>Forced Five Set: A connected subset of five vertices >(not isomorphicc to K5), that cannot be 4-colored.
With the definition as you've stated it, there's no such thing as a forced 5-set.
More generally, there's no such thing as a forced n-set, for any positive integer n.
To be precise, the following is true and easily proved:
If a graph G with n vertices is not complete, then G is (n-1)-colorable.
Thus, your stated definitions of forced 4-set (F4S) and forced 5-set (F5S) are badly flawed, since, if interpreted literally, there are no such sets.
>In the example above, vertices 0 1 7 8 9 constitute an F5S.
No, not the way you've defined it.
The entire graph (on all 10 vertices) is not 4-colorable, but the subgraph determined by vertices 7,8,9,0,1 is definitely 4-colorable. In other words, the subgraph determined by the vertices 7,8,9,0,1 and the edges between them (inherited from the original graph) _is_ 4-colorable.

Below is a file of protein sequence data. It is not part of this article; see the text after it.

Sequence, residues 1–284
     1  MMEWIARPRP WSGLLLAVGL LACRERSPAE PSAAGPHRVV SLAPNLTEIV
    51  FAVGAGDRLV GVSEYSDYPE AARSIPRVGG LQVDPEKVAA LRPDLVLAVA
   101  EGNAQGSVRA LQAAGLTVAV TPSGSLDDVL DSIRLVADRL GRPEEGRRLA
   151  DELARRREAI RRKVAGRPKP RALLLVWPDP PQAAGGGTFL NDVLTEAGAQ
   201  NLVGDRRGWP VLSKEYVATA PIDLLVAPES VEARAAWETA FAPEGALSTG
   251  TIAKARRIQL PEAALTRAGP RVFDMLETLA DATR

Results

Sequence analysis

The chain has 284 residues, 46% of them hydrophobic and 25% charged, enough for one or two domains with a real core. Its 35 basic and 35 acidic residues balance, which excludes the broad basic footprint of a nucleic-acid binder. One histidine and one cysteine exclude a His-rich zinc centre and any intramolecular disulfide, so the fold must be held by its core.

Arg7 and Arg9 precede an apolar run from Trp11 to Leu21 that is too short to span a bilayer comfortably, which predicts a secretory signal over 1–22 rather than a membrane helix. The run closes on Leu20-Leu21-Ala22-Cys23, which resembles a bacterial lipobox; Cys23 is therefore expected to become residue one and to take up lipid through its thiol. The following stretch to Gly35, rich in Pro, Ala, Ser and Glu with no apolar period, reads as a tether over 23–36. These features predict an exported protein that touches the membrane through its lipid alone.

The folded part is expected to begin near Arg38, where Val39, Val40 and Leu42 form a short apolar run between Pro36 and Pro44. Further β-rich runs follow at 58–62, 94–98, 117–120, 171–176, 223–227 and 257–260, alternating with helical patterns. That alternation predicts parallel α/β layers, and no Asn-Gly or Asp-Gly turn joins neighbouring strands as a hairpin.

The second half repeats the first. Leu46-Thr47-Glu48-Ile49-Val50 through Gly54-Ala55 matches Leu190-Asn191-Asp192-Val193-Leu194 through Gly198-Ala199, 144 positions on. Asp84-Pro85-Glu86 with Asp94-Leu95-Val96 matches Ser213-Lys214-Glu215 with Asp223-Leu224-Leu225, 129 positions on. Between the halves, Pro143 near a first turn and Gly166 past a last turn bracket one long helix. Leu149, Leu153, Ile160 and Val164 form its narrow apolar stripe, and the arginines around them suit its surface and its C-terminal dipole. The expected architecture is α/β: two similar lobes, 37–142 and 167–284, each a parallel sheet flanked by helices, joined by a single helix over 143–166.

Let H be the subgraph determined by vertices 7,8,9,0,1. The other vertices (vertices 2,3,4,5,6) and their edges are not part of H. H has only the 5 vertices 7,8,9,0,1 and has exactly 9 edges. In fact, all pairs of distinct vertices of H are adjacent except for the pair 7,1. Thus, if we only want to color the subgraph H (without considering vertices and edges not internal to H), it can be done with 4 colors. For example, using colors A,B,C,D, color the vertices 7,8,9,0,1 as A,B,C,D,A respectively.